Sir Robert Eric Mortimer Wheeler (September 10, 1890 – July 22, 1976), was one of the best-known British archaeologists of the twentieth century. He is noted for his discoveries in Great Britain, India, and Pakistan, including sites of the Indus Valley Civilization. His work there also included establishing archaeological institutes and museums, to further research and preserve the findings of this important civilization. He also pioneered more advanced approaches to excavation, although these have since been superseded.
Besides his renowned academic work, Wheeler served his country via the military during World War I and World War II. He is well-known for for his public appearances on television and radio, which popularized archaeology among mass audiences. Much of his popularity aided in promoting archaeology as a crucial aspect in the scientific field for understanding human history, particularly bringing to life the people of ancient civilizations and how their lives impacted the human societies of today.
Robert Eric Mortimer Wheeler was born in Glasgow, Scotland, the son of Robert Mortimer, a newspaper editor, and Emily Baynes. He was educated at Bradford Grammar School and the University of London, where he received an M.A. in 1912.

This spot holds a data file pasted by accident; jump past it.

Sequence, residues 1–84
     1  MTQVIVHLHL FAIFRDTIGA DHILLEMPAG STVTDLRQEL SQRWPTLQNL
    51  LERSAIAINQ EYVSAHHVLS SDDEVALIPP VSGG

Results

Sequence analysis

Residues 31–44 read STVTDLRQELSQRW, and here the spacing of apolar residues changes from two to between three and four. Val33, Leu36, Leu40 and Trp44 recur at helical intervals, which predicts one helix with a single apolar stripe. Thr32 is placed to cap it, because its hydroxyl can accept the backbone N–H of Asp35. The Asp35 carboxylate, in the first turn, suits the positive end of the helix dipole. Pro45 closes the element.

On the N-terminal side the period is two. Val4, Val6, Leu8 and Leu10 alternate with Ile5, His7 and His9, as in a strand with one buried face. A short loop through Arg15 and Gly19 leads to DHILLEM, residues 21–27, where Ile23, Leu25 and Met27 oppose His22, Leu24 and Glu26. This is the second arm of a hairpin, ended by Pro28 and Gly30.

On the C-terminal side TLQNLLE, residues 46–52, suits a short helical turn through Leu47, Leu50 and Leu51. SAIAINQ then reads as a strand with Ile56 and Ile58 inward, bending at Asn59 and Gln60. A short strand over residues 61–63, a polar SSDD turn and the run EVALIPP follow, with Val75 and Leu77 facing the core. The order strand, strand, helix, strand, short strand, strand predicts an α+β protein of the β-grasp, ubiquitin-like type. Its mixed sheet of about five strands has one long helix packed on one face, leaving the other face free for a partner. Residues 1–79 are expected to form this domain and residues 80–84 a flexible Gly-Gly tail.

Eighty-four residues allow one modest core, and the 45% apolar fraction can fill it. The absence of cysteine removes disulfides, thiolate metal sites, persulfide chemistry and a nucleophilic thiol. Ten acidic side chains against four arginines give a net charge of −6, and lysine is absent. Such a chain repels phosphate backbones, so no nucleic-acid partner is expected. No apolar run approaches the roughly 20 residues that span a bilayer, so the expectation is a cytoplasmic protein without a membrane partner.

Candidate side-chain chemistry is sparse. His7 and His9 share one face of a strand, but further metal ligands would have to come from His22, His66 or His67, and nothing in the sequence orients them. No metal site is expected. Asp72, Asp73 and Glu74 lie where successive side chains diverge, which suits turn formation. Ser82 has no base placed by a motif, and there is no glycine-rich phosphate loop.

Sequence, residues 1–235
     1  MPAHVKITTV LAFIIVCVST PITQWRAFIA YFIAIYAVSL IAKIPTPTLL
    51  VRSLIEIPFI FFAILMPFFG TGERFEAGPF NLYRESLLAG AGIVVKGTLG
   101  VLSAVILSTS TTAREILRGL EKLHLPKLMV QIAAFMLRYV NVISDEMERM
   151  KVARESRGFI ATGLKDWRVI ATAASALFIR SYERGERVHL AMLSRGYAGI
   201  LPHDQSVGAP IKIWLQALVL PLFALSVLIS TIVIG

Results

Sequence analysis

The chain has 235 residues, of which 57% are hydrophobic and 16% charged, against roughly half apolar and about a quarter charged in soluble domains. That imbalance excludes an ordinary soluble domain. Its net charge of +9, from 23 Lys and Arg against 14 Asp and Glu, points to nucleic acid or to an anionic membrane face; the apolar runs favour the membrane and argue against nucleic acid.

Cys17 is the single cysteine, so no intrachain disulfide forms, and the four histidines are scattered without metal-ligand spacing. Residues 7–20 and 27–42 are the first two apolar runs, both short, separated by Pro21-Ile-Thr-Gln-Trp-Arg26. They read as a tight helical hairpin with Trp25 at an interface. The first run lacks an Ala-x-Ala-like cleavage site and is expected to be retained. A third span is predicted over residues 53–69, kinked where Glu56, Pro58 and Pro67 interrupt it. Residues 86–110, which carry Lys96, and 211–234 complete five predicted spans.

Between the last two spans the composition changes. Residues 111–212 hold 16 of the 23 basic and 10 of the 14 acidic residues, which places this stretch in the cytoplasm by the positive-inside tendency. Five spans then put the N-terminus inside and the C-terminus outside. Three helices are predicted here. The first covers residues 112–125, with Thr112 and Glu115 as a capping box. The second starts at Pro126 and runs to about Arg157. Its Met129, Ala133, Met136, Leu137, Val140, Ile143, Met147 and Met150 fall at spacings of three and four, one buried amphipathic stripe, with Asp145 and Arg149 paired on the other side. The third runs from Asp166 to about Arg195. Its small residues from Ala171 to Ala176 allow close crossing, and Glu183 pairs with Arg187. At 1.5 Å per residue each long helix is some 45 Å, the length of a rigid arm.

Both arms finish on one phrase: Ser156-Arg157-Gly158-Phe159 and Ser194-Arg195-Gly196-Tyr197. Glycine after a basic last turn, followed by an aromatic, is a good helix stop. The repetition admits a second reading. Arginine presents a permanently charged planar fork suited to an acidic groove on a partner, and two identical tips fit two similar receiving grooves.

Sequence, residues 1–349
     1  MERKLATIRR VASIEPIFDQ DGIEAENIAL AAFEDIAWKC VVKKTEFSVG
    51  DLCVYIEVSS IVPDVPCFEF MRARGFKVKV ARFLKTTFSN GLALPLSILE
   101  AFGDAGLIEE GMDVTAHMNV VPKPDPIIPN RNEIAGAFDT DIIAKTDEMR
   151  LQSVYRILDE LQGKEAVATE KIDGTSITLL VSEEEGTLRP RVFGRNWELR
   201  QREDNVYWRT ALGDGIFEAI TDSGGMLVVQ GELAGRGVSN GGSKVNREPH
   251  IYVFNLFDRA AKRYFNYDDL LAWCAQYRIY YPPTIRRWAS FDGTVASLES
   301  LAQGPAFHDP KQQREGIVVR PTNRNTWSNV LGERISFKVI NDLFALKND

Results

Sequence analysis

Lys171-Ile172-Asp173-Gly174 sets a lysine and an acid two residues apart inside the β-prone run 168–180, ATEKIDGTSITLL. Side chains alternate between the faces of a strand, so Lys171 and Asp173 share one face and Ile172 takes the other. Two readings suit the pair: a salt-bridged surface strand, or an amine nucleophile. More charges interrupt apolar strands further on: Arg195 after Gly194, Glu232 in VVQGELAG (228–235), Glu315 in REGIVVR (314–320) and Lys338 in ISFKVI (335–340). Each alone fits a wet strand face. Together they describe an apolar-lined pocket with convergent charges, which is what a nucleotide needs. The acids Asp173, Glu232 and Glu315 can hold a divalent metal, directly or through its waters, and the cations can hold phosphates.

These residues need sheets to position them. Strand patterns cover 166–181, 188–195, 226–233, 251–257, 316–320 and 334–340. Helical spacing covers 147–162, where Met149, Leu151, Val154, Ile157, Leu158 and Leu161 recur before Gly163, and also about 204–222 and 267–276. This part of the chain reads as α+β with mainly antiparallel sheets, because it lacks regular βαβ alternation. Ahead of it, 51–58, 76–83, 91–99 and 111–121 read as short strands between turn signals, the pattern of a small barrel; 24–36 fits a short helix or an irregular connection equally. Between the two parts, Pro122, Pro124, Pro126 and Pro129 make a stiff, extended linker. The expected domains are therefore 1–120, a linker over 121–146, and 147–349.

In 1913, he won the scholarship for archaeology established jointly by the London University and the Society of Antiquaries of London in memory of Augustus Wollaston Franks. Sir Arthur Evans doubled the amount of money that went with the scholarship, paying out of his own pocket another £100. In late autumn 1913, Wheeler began to work for the Royal Commission on Historical Monuments.
In 1914, he married Tessa Verney. Their son Michael was born in January 1915. Wheeler's studies were, however, interrupted by the war.
At the outbreak of World War I, Wheeler was commissioned into the Royal Artillery, at first remaining in London as an instructor in the University of London Officers' Training Corps. He was then posted to several battery commands in Scotland and England, until 1917. During the last part of the war he fought in France, Passchendaele, the Western Front, near Bapaume, and finally marched into Germany, commanding 'A' Battery of 76th Brigade, Royal Field Artillery. In July 1919, he returned from the Rhineland to London and civilian life.